Student Spotlight: Shannon Flaherty, Health Justice Project

Finding Your Place and Reconnecting with Your Purpose

My Experiences in Loyola’s Health Justice Project

Everyone’s reasons for attending law school are unique and very personal.  Nevertheless, in my experience, there is one universal truth.  Two months into the first semester, every single first year student (“1L”) forgets those reasons.

This phenomenon occurs at every law school in the country.  At some point during the first semester of law school, the excitement of a new opportunity and aspirations of academic glory fade into panicked discussions and frantic thoughts.   Study groups huddle in corners of libraries and coffee shops, poring over books, and students stop passing classmates to ask how much progress they have made on the mysterious “outline” that is certain to carry them all through final exams.  It was at this point in my first year that I first learned of the Health Justice Project.

By a stroke of good luck, I heard about this clinical program at a Health Law society meeting.  In the midst of my academic anxiety, something more significant resonated.   I instantly remembered why I Ieft my previous job and perpetually warm weather behind to join the Loyola University Chicago community and mission.  At that meeting, I learned that the Beazley Institute at Loyola was a unique place – a place where doctors and lawyers could build camaraderie and learn from each other.

I also learned that the Health Justice Project was a new clinical program at Loyola, utilizing the model of a medical-legal partnership.  The law school’s medical partner is Erie Family Health Center (“Erie”), a federal qualified health center with several locations throughout Chicago.  Erie delivers culturally-sensitive health care to low-income, underinsured Chicagoans.  As the medical partner, primary care physicians at Erie screen their patients for legal and social issues.  Imagine a visit to your doctor’s office, and after discussing how frequently you exercise or how often you drink, your doctor asks you: “Do you feel safe at home?”; “Do you have enough money and food at the end of the month?”; “Have you had any problems with your landlord?”.  In Erie’s patient population (83% of household incomes fall below the Federal Poverty Line and 54% best served in Spanish), therefore, the answers are frequently yes.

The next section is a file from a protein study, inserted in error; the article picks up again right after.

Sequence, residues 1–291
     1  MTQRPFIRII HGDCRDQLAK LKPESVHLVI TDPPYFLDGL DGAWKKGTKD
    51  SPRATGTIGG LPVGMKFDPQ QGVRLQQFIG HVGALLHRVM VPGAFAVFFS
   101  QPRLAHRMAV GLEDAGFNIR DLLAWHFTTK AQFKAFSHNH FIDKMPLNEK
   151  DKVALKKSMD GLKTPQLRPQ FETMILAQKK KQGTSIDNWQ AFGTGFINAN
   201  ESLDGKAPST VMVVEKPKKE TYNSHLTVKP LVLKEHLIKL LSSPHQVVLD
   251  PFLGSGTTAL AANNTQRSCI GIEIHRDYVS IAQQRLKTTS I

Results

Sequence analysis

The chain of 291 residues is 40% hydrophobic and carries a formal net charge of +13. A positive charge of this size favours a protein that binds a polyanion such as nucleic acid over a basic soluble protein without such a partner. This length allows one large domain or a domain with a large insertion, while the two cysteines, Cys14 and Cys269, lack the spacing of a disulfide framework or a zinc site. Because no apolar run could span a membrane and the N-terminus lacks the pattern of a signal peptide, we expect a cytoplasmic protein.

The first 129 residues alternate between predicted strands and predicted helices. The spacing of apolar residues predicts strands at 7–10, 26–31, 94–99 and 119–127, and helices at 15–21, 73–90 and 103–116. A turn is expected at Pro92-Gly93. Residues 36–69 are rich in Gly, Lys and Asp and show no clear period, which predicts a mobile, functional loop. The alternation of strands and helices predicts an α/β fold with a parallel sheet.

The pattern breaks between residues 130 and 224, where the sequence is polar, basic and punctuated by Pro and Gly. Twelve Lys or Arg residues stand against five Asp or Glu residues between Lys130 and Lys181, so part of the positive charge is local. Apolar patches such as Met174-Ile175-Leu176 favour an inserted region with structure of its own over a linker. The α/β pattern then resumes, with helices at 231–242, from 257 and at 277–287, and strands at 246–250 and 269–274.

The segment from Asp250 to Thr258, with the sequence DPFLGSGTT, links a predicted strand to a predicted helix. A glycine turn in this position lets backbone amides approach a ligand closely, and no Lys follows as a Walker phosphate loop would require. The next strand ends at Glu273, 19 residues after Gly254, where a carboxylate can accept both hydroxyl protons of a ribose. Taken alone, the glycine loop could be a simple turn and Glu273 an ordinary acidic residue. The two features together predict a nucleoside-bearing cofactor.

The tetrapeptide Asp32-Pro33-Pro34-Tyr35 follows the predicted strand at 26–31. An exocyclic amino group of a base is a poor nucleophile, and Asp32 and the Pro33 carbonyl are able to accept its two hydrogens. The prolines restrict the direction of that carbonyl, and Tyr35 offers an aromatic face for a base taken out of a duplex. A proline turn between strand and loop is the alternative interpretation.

The Health Justice Project strives to fill a gap in pro bono services for Erie’s patients.  Since the fall of 2010, hundreds of Erie’s patients have become clients of the Health Justice Project.  The clinic provides direct client services or, when appropriate, legal or social work referrals to partner organizations throughout Chicago.

Through the Health Justice Project, I have had the privilege of working one-on-one with dozens of clients and the opportunity to positively impact the lives of their families.  Additionally, I have trained physicians, nurses, and medical residents on the social determinants of health.  Working alongside dedicated medical and social work professionals, I have had the unique experience of collaborating with interdisciplinary teams to tackle the complex issues impeding our clients’ health.  In fact, I have worked in nearly every position available in the Health Justice Project over the course of my law school career.